Unfortunately, if you want to be able to purchase things for resale, you’ve got to have one of these seller’s permits. It’s the only way to prove you’re a business and not just paying half price for items for personal use. But it also means that at the end of your first year in business, you will receive a deceptively simple-looking form from the state, asking you to hand over your sales and use tax.
The form is only one page long, front and back, but I couldn’t answer even the first question on it. I called my friends Oliver and Eleanor at The Present Group for help. Eleanor tried to walk me through the definition of use tax, but I asked so many follow-up questions that she finally gave up and said, “You really just need to take the class.”
“The class,” it turns out, is the Basic Sales and Use Tax Seminar offered by the California Board of Equalization. If you sell anything for profit within the state of California, you MUST take this class. Nothing I explain in this post will be as helpful as that free seminar and they will walk you through filling out your entire return step by step. However, for the sake of personal edification and to help you understand why you need to take the free BOE seminar, I will try to provide a brief overview of sales and use tax here:
Contrary to popular belief, sales tax is a tax that companies pay for the privilege of being able to conduct business in their state (8.5% in most of California). It is not actually a tax on consumers for the privilege of being able to buy things. Most businesses, however, can’t afford to pay nearly a tenth of all their sales to the state (in addition to regular income and payroll taxes), so they pass the cost on to their customers by simply adding it to the total sale. Sales tax only applies to taxable goods (most things other than groceries), not services, and does not apply to non-profit organizations. It also only applies to sales that end up within your state of business, so if you sell things online, you only need to pay sales tax for things you ship to addresses within your state.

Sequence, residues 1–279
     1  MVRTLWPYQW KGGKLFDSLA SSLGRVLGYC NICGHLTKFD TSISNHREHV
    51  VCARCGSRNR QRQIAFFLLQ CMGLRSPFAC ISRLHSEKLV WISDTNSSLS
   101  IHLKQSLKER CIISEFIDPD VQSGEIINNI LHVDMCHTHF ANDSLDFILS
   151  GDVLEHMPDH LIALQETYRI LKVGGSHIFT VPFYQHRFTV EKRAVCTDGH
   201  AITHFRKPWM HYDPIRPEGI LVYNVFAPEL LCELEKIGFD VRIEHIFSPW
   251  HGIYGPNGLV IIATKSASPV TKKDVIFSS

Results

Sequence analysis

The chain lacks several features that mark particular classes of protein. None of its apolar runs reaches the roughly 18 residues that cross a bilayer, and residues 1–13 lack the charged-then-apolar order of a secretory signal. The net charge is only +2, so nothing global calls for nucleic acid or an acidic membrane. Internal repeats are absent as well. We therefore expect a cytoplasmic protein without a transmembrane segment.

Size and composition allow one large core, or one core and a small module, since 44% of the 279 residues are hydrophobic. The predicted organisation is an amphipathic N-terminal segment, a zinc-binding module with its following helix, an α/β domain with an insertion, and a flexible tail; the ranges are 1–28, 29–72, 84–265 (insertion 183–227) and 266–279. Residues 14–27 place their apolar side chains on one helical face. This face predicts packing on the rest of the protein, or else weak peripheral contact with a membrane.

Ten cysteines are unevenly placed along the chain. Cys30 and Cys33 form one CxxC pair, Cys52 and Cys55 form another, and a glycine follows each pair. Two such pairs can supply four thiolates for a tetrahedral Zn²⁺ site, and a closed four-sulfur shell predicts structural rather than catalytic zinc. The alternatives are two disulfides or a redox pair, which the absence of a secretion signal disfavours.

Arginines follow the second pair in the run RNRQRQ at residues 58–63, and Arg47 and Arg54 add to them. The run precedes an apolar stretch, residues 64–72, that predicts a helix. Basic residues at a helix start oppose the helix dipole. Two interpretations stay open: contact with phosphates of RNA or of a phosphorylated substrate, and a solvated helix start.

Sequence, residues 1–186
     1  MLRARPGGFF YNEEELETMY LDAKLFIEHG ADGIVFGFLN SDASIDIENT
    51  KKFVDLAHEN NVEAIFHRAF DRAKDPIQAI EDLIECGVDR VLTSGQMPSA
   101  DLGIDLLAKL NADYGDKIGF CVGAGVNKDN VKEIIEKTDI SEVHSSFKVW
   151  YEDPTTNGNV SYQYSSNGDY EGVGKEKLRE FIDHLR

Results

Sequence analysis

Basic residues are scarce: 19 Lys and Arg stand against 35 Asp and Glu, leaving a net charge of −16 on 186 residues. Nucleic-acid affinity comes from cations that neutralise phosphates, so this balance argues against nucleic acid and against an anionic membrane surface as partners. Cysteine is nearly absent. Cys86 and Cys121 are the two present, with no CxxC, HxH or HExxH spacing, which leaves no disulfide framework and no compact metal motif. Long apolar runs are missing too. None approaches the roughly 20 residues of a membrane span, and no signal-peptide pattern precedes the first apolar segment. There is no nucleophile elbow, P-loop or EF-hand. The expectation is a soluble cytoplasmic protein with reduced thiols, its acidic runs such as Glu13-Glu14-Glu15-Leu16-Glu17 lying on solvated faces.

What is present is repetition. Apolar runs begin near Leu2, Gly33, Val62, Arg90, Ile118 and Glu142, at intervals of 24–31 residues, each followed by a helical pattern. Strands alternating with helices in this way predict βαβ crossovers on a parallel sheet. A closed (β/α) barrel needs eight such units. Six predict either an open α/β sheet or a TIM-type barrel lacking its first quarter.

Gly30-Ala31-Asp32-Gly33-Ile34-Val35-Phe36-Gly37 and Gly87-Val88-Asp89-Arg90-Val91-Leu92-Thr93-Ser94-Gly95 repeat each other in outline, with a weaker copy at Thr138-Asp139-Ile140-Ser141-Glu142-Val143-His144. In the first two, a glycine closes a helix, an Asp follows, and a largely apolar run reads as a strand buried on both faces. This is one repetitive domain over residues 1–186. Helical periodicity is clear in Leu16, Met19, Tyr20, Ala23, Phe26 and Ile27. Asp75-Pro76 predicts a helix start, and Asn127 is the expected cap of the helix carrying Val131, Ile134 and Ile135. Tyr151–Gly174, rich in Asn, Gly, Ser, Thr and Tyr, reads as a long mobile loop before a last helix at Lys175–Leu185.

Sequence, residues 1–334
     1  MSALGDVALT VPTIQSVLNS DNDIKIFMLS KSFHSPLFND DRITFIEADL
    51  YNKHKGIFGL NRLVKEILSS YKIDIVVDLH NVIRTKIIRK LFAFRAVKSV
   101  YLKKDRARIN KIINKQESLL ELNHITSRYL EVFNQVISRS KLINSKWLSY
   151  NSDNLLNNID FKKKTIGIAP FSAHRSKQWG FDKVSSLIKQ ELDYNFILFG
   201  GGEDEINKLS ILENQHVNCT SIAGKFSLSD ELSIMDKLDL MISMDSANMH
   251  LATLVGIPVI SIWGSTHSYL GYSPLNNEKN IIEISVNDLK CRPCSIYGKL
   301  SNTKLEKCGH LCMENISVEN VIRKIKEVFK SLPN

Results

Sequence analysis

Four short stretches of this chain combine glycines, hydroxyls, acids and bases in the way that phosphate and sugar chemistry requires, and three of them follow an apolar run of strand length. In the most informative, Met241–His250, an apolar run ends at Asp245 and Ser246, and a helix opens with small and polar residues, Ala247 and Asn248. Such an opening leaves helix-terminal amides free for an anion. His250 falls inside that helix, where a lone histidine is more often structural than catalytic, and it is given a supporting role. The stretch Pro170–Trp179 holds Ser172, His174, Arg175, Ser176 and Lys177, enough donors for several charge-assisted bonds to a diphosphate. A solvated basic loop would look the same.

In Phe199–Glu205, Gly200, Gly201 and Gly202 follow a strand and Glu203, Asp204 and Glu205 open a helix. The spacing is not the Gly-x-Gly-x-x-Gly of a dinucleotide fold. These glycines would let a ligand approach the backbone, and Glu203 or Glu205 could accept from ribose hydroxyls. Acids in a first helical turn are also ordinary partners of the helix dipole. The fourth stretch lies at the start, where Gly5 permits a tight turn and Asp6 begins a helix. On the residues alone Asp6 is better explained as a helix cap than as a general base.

Filing sales tax forms is complicated because you need to pay sales tax not only to your state, but also to each individual county in which you did business, and every county has its own sales tax rate. You can also deduct the cost of any sales tax you paid on materials you bought for your business from the amount you owe the government (more on the definition of materials later), since this is technically a resale transaction.
So what the hell is use tax? Use tax is a tax businesses pay for anything they buy for resale (i.e. without paying sales tax), but don’t, in fact, re-sell to the public. It is always the exact same rate as sales tax (e.g. 8.5%).